I was six years old when my father joined the US Army as a chaplain and we moved to France. Our family traveled, visiting the great museums and cathedrals throughout Europe. My world view expanded as we experienced the art and customs of many different cultures. To go from the cow barns of Wisconsin to the gold and marble of the Vatican—to see the chiseled veins of Michelangelo’s sculpture of Moses was a mind-opening experience for a child and one I still see clearly in my mind today.
We returned to the United States when I was close to eleven years old and we lived in North Carolina until the beginning of high school when we moved to the Monterey area in California. I didn’t have much interest in art during these early formative years, for when I would attempt to do art I was never able to achieve what I envisioned, and I would put down the brushes or colored pencils once again dissatisfied. But my relationship with art would completely change when I went to college.
I attended Clemson University in 1969 for engineering. Looking at a large-scale model of a bridge one day in the Engineering Department, I came to a long list of formulas used to build the bridge. The list stretched from near the ceiling almost to the floor. My heart sunk. Everything was so predetermined, so “logical.” My spirit ached for something else, a career with fire—for action arising out of a more heartfelt inspiration and vision. Architecture came to mind so that day I changed my major. I was fortunate that in the Architecture major Art Studio was a required course.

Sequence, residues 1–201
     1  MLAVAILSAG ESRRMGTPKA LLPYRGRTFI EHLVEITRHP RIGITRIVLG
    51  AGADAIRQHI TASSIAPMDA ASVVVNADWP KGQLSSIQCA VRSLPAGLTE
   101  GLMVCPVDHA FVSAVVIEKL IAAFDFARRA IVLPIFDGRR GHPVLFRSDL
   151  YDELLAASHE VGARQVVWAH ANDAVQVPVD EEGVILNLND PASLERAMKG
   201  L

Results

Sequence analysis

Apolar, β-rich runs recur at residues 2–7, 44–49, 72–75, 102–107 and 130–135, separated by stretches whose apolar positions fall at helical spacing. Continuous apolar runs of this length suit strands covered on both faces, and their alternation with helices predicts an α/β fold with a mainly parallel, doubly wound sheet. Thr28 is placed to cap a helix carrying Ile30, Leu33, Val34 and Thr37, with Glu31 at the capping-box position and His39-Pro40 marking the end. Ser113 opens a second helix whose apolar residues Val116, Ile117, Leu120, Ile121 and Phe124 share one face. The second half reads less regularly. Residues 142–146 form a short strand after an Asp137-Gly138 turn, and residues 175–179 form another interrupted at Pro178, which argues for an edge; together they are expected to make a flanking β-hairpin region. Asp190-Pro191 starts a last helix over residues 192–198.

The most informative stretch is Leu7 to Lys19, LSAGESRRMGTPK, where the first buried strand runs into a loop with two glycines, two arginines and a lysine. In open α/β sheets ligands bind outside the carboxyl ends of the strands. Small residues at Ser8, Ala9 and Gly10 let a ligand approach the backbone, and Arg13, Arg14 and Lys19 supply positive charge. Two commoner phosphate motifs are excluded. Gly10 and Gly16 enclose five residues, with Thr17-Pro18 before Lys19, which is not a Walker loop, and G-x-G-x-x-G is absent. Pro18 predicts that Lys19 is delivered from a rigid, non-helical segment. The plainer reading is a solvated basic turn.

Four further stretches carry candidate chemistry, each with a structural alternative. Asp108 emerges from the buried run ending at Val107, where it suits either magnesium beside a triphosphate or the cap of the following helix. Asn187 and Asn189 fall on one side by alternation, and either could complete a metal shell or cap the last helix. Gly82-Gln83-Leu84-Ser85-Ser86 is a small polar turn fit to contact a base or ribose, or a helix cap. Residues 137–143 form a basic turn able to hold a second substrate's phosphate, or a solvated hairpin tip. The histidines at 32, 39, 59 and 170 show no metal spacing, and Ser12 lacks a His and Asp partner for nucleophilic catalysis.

When I walked into my first art class I felt this amazing sense of freedom from the students in what they were doing and in their conversations. Whatever one envisioned one could pursue with total enthusiasm. I changed my major once again and for the last time to Art Studio. This sense of freedom and the creative spirit I felt so prevalent in the art studio would be my guiding star for the rest of my life. While at Clemson University I married my first wife, Maria.
My grade point average, though rising since my first semester in engineering from a dismal .8 to an acceptable 3.0, did not rise fast enough to keep me out of the draft and in 1971 I was drafted into the US Army. While I was in basic training at Fort Ord, California, my son, Justin was born. The military decided they could use my skills as an illustrator on the General’s Staff at Fort Sill, Oklahoma and there I stayed until my discharge in 1973.